News ID: 325324
Published: 0447 GMT November 12, 2022
Bahraini dissident:

Parliament represents monarch, not people

Parliament represents monarch, not people

Parliamentary elections were held in Bahrain on Saturday while many opposition groups stayed away. In an interview with Iran Daily, Abdullah Daqqaq, a Shia cleric and prominent figure in Bahrain’s largest opposition group Al-Wefaq National Islamic Society, rejected the vote as a sham election which merely safeguards King Hamad’s interests.

IRAN DAILY: Opposition groups to the ruling Al Khalifa dynasty did not participate in the parliamentary elections. Why do you think they boycotted the polls?

DAQQAQ: Elections are held in accordance with the Constitution. But the current Constitution is one-sided and only protects the king’s interests, which makes it illegitimate. Since the Constitution is invalid, this election is also invalid. Moreover, Al Khalifa has stripped some 100,000 people of the right to vote. Therefore, such a Parliament cannot represent Bahrainis and has no legitimacy. Parliament has become a tool to rubber-stamp laws pushed by the government. Such a Parliament is representative of the government, not the people.

 

Why has the government of Bahrain denied 100,000 people the right to vote?

The targeted people were members of opposition parties like Al-Wefaq, and since the government has dissolved all of them, it has also banned its members from voting.

 

Are those boycotting the vote only Shias and Al-Wefaq members or are there other groups involved as well?

The biggest boycotting community is the Shia, but the opposition is not limited to the Shia. For instance, Abdulhadi al-Khawaja is a Sunni political activist and human rights advocate who has boycotted the polls, and Ibrahim Sharif, the former leader of Bahrain’s leftist National Democratic Labor Action Society or Waad, whose party has been dissolved, is also a Sunni Muslim boycotting the election. Liberal, communist and Islamic groups are against the Al Khalifa government and have stayed away.

 

Why do you think the Al Khalifa dynasty is afraid of establishing democracy and holding free elections in Bahrain?

 

The people of Bahrain are religious and independent and want to determine their own fate. But Al Khalifa is worried that with the establishment of democracy, people can vote for religious scholars and Shias, putting of Al-Khalifa’s authority at risk. That’s why the ruling regime is not ready to hold free elections and tries to forge a ceremonial Parliament. If elections were free, the government of Bahrain would allow international and human rights organizations to supervise the polls. Elections here are not free and the majority of people do not turn out, but the government gives fake statistics and claims that the majority cast ballots.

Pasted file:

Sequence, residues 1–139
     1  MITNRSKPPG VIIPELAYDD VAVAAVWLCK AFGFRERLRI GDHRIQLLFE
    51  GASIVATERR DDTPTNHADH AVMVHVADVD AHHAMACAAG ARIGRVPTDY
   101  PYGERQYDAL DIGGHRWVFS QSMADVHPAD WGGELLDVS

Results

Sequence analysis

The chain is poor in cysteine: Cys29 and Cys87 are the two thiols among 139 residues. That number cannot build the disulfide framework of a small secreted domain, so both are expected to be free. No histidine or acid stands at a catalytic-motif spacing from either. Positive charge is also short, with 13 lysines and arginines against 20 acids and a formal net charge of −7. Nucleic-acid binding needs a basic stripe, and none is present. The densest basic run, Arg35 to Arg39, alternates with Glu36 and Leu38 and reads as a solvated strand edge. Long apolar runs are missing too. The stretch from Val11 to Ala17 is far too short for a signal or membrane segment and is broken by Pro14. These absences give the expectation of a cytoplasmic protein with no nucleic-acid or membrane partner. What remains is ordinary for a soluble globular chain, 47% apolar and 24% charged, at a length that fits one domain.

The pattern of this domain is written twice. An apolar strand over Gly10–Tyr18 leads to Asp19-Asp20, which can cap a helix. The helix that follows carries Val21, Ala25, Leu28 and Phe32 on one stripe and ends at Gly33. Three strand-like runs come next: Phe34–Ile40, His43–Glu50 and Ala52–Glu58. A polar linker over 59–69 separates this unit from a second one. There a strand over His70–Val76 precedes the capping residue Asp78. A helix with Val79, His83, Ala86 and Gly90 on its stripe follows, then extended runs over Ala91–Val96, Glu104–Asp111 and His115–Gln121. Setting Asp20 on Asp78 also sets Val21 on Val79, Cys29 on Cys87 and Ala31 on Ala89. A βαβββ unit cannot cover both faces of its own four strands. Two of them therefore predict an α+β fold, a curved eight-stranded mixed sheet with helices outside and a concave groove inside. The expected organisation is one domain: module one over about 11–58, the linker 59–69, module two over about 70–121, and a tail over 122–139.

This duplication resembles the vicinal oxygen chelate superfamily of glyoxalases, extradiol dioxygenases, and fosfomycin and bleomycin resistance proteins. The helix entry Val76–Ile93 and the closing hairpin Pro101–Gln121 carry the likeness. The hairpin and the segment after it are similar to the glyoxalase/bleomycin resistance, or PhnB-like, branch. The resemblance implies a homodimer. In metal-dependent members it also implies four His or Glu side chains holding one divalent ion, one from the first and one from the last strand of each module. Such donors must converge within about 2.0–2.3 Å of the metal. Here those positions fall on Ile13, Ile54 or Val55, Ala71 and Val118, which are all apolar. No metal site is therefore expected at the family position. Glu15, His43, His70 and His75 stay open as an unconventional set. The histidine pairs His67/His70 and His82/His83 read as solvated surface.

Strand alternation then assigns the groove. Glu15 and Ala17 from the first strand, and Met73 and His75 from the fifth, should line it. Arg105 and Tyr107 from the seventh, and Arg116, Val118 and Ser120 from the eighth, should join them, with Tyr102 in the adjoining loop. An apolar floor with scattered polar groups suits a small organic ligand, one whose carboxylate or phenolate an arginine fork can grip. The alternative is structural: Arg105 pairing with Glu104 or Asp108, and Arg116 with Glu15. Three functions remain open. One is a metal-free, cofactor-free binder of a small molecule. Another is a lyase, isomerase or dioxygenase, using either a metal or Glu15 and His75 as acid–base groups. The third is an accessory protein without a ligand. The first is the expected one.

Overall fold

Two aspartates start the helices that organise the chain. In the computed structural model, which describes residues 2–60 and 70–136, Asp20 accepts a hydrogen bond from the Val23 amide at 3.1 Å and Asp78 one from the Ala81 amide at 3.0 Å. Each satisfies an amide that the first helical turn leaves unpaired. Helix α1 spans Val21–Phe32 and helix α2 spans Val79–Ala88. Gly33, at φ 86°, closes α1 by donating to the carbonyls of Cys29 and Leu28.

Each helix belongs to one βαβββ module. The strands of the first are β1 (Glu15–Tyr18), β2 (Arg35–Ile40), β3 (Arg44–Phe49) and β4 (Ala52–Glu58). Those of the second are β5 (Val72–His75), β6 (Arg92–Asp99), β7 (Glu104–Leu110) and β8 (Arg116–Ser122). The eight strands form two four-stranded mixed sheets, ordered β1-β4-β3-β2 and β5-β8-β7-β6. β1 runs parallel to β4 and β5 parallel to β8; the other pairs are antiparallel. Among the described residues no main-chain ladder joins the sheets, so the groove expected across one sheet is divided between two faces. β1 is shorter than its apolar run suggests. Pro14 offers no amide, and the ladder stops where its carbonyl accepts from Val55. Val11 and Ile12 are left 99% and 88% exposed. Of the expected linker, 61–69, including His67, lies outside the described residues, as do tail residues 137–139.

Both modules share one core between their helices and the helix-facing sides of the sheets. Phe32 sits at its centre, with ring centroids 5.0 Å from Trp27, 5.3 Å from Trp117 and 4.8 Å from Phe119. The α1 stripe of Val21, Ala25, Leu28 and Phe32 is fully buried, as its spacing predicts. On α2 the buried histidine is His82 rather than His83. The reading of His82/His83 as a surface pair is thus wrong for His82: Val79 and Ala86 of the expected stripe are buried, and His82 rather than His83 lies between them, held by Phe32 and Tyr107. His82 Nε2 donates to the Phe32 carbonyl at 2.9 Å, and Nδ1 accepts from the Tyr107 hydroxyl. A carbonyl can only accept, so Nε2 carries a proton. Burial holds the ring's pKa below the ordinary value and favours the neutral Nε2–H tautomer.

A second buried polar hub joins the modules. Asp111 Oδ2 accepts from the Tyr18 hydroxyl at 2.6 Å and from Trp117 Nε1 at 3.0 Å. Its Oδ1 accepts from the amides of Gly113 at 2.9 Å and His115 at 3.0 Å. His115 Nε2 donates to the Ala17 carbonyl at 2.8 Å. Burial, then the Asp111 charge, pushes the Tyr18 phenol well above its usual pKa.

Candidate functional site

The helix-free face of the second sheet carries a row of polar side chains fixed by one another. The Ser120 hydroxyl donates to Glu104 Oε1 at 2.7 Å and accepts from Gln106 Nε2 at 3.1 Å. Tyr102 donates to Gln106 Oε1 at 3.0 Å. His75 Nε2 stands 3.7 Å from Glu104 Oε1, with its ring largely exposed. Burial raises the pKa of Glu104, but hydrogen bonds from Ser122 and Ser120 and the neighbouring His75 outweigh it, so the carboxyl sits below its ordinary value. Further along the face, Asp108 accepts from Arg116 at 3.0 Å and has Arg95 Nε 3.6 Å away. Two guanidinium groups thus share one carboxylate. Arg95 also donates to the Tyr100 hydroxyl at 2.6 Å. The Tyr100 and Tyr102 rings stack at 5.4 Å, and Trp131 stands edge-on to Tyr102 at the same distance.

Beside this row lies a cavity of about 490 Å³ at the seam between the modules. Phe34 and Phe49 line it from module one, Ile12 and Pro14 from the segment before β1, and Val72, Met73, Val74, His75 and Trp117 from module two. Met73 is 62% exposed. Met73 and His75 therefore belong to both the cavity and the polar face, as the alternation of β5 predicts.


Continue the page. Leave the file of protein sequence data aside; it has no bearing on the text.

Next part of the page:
Al Khalifa is worried that a government like the one in Iran would emerge if Shias assume power. Do you think free elections would result in the formation of a government like that of Iran?

No, they wouldn’t. The people of Bahrain are an independent nation, though they have historical ties with Iran. However, this does not mean that they want to form a government under Iran’s supervision. This is an excuse made up by the opponents of democracy and Al Khalifa, who want to preserve their power in any way possible, even by force. Bahrainis seek to decide for themselves and build their own country.

 

Another point is the silence of Western countries, especially the United States, regarding the elections and human rights violations in Bahrain.

 

Why does the West keep mum about Bahrain’s human rights record and lack of democracy and continue to support Al Khalifa, which, as you say, has nothing to do with democracy and human rights?

 

The Al Khalifa regime is pro-West and safeguards its interests in the region. For example, during Bahrain’s popular uprising, then-U.S. president Barack Obama, a Democrat, said in 2014 that the Al Khalifa regime was important to Washington and, therefore, refused to back the protesters. His successor, Donald Trump, a Republican, said U.S. relations with the Bahraini regime would remain intact. Just two days after Trump’s remarks, regime forces stormed the residence of Sheikh Isa Qassem, one of the protest leaders. Therefore, contrary to their claims of defending human rights and democracy, the U.S. and the West support the Al Khalifa regime in order to protect their own interests and turn a blind eye to human rights violations in Bahrain.

 

 

   
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